In Athens, everyone seems oblivious to all this. The government is continuing its divisive, domestic games, in a bid to cut its losses from the Skopje deal. Unfortunately for the prime minister, his belated hymns to Merkel will not help him or the country, if a storm breaks out.
Editorial: The German crisis and Greece
Just a few months ago, a governmental crisis in Germany was inconceivable. Yet, the most stable – and most developed – country in Europe today faces the prospect of a collapse of the ruling coalition.
The governmental crisis in Germany demonstrates in the most categorical manner that we are living in an ever more unstable and uncertain world. The revival of nationalism, with the migration issue as the catalyst, combined with the increasingly widespread disappointment of citizens, erodes the social fabric and undermines the foundations of the political system.
Just a few months ago, a governmental crisis in Germany was inconceivable. Yet, the most stable – and most developed – country in Europe today faces the prospect of a collapse of the ruling coalition. The ultimatum of the leader of the Christian Social Union, and until yesterday a basic ally of Chancellor Angela Merkel, regarding tougher border controls for migrants, is indicative of the antitheses that have emerged.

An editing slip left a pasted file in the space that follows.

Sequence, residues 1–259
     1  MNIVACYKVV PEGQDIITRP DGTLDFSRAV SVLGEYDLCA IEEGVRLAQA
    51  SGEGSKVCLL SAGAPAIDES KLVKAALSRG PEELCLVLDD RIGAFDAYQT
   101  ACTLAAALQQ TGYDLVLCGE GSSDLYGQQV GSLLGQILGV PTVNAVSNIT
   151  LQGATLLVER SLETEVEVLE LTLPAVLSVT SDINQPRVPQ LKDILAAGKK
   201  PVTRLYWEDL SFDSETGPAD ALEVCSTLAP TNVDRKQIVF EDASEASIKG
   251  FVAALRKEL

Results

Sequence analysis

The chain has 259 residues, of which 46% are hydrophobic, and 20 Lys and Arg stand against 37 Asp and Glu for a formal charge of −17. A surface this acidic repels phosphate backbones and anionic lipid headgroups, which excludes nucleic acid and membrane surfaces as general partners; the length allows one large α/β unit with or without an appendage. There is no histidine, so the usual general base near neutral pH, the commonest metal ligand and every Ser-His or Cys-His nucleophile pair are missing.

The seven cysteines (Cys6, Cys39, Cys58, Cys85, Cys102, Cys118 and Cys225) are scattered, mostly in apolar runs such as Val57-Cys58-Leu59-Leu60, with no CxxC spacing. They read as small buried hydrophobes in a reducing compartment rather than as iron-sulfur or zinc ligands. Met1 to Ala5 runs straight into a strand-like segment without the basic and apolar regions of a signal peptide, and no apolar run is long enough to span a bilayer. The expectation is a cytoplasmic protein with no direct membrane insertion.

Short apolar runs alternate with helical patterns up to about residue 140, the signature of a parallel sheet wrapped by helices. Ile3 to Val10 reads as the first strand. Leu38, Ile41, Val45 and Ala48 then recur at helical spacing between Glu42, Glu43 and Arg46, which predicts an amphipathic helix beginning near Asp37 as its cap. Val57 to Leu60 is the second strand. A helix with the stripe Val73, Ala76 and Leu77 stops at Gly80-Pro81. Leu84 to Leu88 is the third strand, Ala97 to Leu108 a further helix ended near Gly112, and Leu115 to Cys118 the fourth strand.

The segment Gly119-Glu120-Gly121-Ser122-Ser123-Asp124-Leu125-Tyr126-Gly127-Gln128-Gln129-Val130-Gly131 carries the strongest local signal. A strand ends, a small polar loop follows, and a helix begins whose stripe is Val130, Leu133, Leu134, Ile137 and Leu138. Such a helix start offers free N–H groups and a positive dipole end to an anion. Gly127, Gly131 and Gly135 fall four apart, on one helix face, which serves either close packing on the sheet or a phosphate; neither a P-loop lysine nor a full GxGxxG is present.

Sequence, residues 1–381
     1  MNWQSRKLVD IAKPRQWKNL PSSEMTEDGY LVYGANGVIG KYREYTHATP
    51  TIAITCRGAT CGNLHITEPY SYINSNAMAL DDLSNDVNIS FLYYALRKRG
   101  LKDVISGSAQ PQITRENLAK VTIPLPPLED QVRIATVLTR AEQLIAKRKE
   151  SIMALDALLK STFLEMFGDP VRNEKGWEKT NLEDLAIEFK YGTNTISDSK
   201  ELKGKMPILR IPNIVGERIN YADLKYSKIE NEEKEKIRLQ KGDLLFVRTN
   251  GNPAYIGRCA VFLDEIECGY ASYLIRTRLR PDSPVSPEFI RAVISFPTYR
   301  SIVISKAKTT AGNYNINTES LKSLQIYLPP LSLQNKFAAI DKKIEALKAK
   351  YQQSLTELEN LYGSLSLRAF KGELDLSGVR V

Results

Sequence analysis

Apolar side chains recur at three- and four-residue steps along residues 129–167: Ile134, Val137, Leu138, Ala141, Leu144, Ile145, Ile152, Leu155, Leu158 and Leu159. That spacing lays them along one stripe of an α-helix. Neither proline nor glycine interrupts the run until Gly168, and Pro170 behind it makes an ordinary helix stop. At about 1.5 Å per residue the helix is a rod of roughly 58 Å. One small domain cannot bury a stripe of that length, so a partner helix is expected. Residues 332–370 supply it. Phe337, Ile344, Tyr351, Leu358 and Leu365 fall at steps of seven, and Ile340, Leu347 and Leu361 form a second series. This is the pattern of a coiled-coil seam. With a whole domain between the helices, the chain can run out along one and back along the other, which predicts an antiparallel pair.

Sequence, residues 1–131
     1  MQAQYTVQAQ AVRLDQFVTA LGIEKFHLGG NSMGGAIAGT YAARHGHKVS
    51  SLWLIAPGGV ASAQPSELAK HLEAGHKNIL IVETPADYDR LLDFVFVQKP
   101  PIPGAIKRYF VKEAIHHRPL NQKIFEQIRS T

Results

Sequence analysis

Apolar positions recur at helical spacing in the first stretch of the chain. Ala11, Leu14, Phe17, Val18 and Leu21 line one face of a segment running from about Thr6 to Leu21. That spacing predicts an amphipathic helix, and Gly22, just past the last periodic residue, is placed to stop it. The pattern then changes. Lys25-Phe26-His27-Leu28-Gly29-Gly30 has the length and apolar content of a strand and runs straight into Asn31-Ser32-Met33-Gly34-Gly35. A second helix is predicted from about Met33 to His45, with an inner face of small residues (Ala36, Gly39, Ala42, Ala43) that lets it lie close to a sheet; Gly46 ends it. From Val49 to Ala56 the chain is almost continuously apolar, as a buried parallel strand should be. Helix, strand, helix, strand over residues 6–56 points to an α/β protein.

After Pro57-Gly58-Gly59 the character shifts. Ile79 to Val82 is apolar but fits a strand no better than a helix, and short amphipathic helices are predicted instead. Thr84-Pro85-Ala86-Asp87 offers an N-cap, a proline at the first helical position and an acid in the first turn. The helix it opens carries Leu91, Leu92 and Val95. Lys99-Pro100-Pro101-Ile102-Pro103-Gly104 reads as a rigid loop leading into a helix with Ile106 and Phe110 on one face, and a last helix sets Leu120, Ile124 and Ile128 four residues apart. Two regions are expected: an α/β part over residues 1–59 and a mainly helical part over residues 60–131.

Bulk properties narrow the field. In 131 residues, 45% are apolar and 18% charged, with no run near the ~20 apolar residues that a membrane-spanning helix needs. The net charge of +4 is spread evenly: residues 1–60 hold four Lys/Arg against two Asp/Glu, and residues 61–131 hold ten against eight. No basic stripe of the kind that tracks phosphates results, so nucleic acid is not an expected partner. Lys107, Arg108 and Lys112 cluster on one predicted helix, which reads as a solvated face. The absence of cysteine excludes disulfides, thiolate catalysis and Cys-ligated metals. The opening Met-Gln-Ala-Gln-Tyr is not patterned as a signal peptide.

We all understand that a crisis in Germany will not be limited to within its borders. It will have catalytic repercussions throughout Europe – including Greece – as the climate of xenophobia and racism spread at an ever faster pace. From Hungary and Austria it spread to Italy, and now to the country which, objectively, shouldered the biggest burden of the migrant crisis.
If we factor in the tactics of the unpredictable – and now dangerous – leader of the superpower, the international political setting is becoming nightmarish. The erstwhile alliance between Europe and the US is becoming dangerously shaky, if one considers Trump’s irrational, direct attack on Merkel.
The only way out for the German Chancellor is to manage to strike a European agreement on the refugee issue, which is no easy task with so many populist leaders in power.
Either way, Greece is at the frontline of the problem and will be in a very difficult position, even if an agreement is reached, as most countries do not appear willing to share the burden.
The difficulties do not end with the migration issue, as the emerging uncertainty will have a more general impact on the economic climate, at a time when the Greek government is expecting a clean exit from the bailout memorandum.
Given the heavy climate due to the FYROM naming agreement, and with instability looming over Europe, the next day will not be a cakewalk.